It’s a fact that we all have purchased various beauty products that we ended up not using, either because the product wasn’t a fit for the skin, we didn’t like the smell of it, or we just never got around to using it. It’s a shame to let these products go to waste, which is why I encourage clients to donate their unused or gently-used beauty products (for skin, hair, body, makeup, or nails) to a local women’s shelter.
Women who have been affected by domestic violence, when they arrive to these shelters, most often come with just the clothes on their back, so they are in need of personal care items to get them looking and feeling their best while they are trying to build a life away from their abuser. I have personally been affected by domestic violence. Read: Beauty is Truly More Than Skin Deep
It is important that when you donate beauty products you do your best to inspect and sterilize them so they are appropriate and in good shape to pass on.
Here are some quick guidelines to follow when donating your beauty products…
Toss all products that come in a jar.
Even for products with a strong preservative system to keep the product sanitary, I personally don’t feel products (like a cream or mask) that you dip your fingers into should be shared with others. So I recommend products in jars not be passed on.
Donate any product that comes in a bottle or tube.
Any products that come in a bottle, whether they have a screw cap or a pump, are perfectly okay to share, because your fingers have not been in there. This includes cleansers, toners, serums, lotions, and exfoliants.
Donate hair brushes and combs, but sterilize them first.
It’s always best when passing on these items to be sure to clean them free of hair and then take them to your hair dresser and ask if he or she will sterilize your brushes for you before you donate them. Hair salons have all sorts of powerful sanitizing equipment for their own use, and I’m sure they’d be happy to help a good cause by getting your hair care tools clean and sterile.
Donate any product that comes in a bottle or tube.
This would include most shampoos, conditioners, hair gels, pomades, or mousses that come in a tube or bottle, and since your fingers are not getting into the product, these should be perfectly appropriate to donate.
Donate lipsticks, but sterilize them first.
Lipsticks, even though they have been applied to your lips, which would seem unsanitary, can be sterilized in alcohol to get rid of any germs. I also recommend cutting the top of the lipstick (the pointed part) blunt, just to give it a better aesthetic look for donation.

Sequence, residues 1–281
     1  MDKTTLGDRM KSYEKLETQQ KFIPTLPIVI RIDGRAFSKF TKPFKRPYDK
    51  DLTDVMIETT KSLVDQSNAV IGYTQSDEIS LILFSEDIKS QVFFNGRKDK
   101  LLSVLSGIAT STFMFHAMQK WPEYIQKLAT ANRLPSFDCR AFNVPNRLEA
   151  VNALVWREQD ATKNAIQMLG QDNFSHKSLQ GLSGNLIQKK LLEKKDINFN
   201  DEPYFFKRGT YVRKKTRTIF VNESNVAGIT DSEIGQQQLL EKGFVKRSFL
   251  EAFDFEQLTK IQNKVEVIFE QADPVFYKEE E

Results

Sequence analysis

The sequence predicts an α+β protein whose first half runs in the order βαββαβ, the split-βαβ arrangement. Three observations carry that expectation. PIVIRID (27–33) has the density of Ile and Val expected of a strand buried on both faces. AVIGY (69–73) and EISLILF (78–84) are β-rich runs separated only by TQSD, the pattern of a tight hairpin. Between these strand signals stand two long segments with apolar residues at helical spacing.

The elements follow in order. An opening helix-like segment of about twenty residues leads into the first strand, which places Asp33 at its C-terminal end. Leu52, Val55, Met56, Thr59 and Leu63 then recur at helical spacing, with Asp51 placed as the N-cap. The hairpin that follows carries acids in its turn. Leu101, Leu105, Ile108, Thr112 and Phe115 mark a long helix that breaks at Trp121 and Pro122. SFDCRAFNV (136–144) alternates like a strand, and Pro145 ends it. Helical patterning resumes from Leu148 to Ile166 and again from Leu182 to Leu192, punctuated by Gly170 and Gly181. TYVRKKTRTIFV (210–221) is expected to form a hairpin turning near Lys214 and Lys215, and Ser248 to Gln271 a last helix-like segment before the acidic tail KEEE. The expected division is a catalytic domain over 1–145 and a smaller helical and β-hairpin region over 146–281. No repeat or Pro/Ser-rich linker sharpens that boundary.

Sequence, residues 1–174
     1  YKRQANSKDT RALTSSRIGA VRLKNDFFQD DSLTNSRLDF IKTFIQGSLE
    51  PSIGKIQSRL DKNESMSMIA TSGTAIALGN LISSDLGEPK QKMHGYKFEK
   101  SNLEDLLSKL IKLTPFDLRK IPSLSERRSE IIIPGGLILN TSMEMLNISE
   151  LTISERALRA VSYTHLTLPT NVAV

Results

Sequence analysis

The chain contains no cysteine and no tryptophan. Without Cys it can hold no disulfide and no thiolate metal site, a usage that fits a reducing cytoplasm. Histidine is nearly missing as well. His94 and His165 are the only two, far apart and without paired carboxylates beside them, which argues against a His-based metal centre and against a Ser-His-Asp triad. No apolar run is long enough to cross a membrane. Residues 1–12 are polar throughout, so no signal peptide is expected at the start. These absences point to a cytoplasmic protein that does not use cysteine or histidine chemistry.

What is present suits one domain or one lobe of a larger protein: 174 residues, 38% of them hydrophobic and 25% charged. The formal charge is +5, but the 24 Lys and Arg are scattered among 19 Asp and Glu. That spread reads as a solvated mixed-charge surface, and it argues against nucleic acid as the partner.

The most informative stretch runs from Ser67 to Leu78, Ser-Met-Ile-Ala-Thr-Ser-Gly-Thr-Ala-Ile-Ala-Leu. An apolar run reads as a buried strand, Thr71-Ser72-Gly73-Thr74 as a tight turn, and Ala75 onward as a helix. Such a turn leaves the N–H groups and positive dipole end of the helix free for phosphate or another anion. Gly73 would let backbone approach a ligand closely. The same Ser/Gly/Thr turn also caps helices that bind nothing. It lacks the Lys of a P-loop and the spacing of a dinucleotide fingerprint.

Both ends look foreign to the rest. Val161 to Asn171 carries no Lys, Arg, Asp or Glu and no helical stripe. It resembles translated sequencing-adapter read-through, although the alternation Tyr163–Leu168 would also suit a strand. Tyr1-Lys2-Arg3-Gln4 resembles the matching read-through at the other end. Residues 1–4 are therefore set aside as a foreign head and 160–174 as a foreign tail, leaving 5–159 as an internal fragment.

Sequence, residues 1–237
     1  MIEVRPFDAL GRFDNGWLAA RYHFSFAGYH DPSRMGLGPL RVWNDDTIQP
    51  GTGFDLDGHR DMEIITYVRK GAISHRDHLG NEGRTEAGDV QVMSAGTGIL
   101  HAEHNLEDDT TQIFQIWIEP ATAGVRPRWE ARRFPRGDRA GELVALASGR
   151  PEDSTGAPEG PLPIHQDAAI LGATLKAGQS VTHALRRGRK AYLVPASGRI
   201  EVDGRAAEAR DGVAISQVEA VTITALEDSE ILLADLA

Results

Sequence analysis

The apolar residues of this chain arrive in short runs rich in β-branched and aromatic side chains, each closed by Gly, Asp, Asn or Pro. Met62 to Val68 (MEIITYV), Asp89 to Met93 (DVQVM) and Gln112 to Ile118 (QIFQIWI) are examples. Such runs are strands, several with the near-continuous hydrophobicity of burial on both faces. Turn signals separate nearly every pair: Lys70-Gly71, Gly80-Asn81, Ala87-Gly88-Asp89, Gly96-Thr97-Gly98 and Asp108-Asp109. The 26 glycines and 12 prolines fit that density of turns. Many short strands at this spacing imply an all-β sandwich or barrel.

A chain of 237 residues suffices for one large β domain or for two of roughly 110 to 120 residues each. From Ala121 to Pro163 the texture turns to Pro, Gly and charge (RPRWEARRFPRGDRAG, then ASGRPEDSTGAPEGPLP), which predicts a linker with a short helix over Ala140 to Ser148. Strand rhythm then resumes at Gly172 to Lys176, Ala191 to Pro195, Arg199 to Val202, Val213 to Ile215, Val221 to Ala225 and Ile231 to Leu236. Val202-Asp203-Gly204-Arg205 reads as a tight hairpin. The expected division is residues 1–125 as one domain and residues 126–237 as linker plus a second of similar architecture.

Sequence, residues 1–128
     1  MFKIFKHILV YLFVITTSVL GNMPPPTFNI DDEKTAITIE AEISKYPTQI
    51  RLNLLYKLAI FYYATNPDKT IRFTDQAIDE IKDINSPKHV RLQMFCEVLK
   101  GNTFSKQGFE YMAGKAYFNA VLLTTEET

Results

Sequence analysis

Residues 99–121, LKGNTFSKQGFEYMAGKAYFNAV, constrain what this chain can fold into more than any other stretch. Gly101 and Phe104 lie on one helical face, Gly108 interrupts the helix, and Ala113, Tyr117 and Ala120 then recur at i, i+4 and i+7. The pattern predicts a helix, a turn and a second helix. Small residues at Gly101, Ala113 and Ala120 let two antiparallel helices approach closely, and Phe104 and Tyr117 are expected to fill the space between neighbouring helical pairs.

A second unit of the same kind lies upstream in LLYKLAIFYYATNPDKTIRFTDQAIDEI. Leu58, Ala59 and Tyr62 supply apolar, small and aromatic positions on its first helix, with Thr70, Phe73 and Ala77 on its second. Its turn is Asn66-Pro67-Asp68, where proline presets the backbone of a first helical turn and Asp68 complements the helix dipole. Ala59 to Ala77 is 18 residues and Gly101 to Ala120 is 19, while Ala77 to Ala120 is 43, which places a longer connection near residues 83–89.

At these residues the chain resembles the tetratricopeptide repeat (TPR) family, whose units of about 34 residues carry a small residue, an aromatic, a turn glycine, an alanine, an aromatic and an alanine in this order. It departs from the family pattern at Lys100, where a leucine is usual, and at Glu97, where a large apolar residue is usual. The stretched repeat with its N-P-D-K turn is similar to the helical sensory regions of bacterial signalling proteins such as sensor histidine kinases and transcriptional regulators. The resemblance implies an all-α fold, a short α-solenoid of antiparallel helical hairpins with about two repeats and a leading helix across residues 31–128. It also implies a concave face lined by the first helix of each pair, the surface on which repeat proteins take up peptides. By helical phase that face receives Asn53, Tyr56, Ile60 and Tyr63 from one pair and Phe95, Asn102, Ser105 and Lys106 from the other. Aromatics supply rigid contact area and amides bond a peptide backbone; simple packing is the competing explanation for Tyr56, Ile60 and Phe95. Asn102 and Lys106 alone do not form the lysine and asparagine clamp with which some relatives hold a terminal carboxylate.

Donate blushes and eye shadows.
Bacteria can’t live in air, so as long as it’s not a cream shadow, regular powder shadows and blushes are safe to donate. I generally won’t donate any blush or shadow that is almost gone, where the bottom of the container is showing. I feel that it’s best to donate something that looks fresh and fairly new for these women in need, rather than something with barely any product left.
Mascara is a personal item, and for sanitary reasons, should not be shared.
Liquid foundations are optional to donate.
As long as your fingers haven’t touched inside the bottle, liquid foundations are okay to donate.
Nail polish, nail polish remover, and hand creams are all safe to donate.
Most lotions come in bottles, so they are safe to donate. If a body cream comes in a jar, don’t donate it. I don’t recommend donating loofahs, a lot of time they can carry bacteria, and get grungy and old-looking really quickly.
You can really make a difference in the life of a woman when you pass on your beauty care items. I really encourage you to do so – just follow these simple steps to make sure your products are in a safe, useable condition.
At Renée Rouleau Skin Care Spas, helping women is near and dear to our heart. We offer our Cosmetic Donation Program where you’re invited to drop off your unused/gently used makeup, skin care or beauty products to our Plano, TX skin care spa and we will gladly donate them to The Family Place, a Dallas-based women’s shelter for those affected by domestic violence. It’s wonderful to know that you are helping to make a difference in another woman’s life.
Which skin care products are right for your skin? See our nine skin types and get products recommended.
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Information courtesy of www.ReneeRouleau.com, a website with skin care tips, products based on nine skin types and advice from skin care expert and celebrity esthetician, Renée Rouleau.
Posted October 7, 2011 by Renée Rouleau
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